Music hacking: the ELF method (no Sappy 2006!)

Well, I watched Blazer’s video on how they inserted music into an FE rom… and all I gotta say is that you people need to learn how to work with the bytes. So, I’ve decided to post my difficult to master, but EXTREMELY useful ELF method of inserting music.


NOTE: This tutorial uses a Golden Sun: The Lost Age (Rom name AGFE). If you know the pointer to the music table, then you’ll be all set for Fire Emblem.


Roms used in this tutorial:

AGFE: Golden Sun: The Lost Age (a lot of people have been asking how I get the music into Pokemon, so I’m making a tutorial. This method works for any song, and it’s more reliable than Sappy’s built in assembler. Sappy doesn’t even work on my computer anyways…)

What you’ll need:
The Mid2gba set
Sappy 1.6
A Midi Program (like Anvil Studio)
A Tile Viewer/Hex Editor. Although Tile Viewer is recommended.


STEP 1) Extract your song from Golden Sun: The Lost Age from Sappy.

In order to do this, you’ll have to change Sappy’s equavalent of a ini file (sappy.txt). Where it says Golden Sun, you can replace AGSE with AGFE, then switch the table offset (which is 0x80FC70C, I think for GS; TLA’s is at 0x81C4530). Anyways, after setting those in the sappy.txt file, open up Sappy 1.6 and load in Golden Sun: The Lost Age. Go to the song you want. Here’s a nice table for you with my totally awesome song names:
Golden Sun Songs
0002 Alfafa
0003 Temple 1
0004 Dalia
0005 Apooji
0006 Normal Gaia Rock Town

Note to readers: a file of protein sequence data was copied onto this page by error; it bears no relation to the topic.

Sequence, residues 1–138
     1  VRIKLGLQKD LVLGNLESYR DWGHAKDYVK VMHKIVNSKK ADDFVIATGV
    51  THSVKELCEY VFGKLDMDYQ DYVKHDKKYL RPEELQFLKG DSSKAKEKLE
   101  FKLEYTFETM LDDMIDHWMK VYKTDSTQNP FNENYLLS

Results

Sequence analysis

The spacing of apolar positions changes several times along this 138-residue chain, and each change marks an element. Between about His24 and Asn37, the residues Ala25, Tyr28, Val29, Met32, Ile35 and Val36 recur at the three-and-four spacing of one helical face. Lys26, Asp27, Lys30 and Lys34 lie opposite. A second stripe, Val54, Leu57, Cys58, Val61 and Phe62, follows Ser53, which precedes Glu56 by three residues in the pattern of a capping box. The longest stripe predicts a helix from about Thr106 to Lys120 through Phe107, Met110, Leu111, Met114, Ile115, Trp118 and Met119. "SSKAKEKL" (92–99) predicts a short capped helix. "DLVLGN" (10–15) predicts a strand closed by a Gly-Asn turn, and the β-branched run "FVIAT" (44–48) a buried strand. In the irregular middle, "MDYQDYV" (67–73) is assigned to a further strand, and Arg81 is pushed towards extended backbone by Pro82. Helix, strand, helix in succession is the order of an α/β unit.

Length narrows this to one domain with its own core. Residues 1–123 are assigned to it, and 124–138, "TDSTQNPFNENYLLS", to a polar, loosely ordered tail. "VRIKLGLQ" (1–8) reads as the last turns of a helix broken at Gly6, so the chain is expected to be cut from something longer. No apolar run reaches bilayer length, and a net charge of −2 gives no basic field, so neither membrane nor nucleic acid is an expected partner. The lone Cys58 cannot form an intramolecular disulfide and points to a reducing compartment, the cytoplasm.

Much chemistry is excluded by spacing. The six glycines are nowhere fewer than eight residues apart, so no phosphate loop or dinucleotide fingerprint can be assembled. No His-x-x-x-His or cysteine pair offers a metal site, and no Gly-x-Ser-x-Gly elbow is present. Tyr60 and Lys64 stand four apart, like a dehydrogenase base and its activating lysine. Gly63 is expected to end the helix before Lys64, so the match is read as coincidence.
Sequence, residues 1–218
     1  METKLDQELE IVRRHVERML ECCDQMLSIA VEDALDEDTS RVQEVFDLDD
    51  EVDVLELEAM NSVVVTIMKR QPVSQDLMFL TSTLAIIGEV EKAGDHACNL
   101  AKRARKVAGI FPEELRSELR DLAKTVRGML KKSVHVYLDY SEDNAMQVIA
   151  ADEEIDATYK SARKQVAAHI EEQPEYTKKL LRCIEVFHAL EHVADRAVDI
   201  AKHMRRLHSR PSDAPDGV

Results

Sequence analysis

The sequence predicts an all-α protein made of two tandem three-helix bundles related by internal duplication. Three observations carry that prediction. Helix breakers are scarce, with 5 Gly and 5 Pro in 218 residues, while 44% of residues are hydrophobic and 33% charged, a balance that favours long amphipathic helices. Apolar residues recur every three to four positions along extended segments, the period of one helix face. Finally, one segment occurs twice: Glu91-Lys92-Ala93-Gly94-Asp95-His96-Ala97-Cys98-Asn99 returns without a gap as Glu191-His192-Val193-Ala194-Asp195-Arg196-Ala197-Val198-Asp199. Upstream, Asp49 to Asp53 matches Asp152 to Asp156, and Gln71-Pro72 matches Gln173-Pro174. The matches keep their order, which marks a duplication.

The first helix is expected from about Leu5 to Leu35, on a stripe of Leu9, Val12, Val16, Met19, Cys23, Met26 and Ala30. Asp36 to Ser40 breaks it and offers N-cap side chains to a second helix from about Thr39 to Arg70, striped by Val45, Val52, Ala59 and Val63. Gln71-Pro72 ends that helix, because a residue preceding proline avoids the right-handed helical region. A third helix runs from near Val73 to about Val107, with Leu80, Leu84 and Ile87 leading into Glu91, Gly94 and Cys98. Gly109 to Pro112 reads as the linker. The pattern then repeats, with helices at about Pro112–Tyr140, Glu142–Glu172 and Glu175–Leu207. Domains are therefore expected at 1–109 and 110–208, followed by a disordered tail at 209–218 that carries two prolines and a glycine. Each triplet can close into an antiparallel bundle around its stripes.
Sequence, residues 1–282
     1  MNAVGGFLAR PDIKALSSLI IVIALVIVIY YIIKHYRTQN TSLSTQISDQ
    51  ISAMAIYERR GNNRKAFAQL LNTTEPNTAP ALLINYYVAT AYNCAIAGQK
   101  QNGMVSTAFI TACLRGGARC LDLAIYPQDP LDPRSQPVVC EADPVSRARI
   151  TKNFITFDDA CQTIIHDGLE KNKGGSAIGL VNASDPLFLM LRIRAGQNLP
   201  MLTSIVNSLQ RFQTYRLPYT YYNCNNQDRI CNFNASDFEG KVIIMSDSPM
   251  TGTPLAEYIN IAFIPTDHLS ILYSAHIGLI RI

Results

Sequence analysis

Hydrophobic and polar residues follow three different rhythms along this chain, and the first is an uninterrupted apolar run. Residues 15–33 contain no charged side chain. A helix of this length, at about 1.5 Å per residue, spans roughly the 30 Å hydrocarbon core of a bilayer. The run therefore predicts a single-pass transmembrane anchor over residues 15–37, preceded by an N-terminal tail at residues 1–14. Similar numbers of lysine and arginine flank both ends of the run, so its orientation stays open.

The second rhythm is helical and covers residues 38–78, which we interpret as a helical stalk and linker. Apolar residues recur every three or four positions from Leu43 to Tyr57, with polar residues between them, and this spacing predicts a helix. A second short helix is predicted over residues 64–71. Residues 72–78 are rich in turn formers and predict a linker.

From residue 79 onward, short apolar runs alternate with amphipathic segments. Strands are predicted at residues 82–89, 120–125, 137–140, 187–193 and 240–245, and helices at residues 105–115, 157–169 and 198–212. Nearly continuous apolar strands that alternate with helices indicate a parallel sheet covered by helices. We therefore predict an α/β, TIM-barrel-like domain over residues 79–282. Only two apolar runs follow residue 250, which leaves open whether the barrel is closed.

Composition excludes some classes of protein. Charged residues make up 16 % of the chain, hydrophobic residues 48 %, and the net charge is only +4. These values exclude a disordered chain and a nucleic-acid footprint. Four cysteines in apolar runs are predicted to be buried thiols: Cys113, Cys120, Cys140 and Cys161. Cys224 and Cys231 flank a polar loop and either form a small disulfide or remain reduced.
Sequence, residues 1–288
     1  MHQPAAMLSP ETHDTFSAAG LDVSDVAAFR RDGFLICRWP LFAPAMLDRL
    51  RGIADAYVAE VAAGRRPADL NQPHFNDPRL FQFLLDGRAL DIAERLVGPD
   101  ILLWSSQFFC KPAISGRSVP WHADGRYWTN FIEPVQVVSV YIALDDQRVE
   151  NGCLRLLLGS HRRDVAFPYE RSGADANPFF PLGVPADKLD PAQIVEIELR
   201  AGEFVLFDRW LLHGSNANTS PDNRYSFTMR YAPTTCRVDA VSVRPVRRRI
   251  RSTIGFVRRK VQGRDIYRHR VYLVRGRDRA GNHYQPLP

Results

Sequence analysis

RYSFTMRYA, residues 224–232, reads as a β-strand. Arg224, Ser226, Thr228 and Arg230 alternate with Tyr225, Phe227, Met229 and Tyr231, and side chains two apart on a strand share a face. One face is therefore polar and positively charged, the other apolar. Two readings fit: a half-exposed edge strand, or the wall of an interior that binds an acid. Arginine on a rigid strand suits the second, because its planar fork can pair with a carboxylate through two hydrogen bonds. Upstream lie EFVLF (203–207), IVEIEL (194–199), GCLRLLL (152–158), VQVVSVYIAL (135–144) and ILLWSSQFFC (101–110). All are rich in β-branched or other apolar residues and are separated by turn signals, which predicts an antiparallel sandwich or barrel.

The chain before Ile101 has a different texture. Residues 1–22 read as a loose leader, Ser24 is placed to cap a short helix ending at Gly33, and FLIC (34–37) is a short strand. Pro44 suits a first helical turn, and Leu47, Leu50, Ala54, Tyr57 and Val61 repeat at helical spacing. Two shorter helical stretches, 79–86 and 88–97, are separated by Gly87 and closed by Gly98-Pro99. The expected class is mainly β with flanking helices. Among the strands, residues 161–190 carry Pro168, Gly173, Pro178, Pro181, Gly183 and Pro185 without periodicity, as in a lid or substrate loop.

0007 Bummed Gaia Rock Town
0008 Sad Song
0009 Another Weird Foreign Song
000a Active Foregn Town
000b Ceremony
000c Lemuria
0041 Entrance to Lemuria
000d Normal Town
000e Happy Litte Island
000f Garoh
0010 That town with the dead dude
0011 Kids song 1
0012 Kids song 2
0014 Airs Rock
0015 Aqua Rock
0018 Gaia Rock
0017 Caves
0019 Statue
001a Jupiter Lighthouse
001b Magma Rock
001c Mars Lighthouse
001d Cold Temple
001e Swamp
001f Sandy Temple
0025 Shaman Village
0026 Sheba’s Sad Song
0028 Theme
0029 Sailing
002a Land Travel Before Jupiter Lighthouse
002b Land Travel After Jupiter Lighthouse
002c Golden Sun Rises
003c Ivan Theme
0027 More Evil
0022 Evil Karst and Agaito
0023 Briggs Gets Away!
0024 More Evil Stuff
0035 Even More Evil
003d Can you believe it? More Evil!
003e Prox
003f We’re gonna die!
0040 Sad GS Theme 1
0043 Sad GS Theme 2
0044 GS Theme 1
0046 GS Theme 2
0047 Uber Upbeat GS Theme
0048 Sad GS Theme 3
0049 GS Theme 3
004b GS Theme 4 (short)
004a Healing
02bc Vale
02d0 Mt. Aleph
02d2 Sol Sanctum
02e6 Overworld (Broken Seal)
02bd Happy Town (Broken Seal)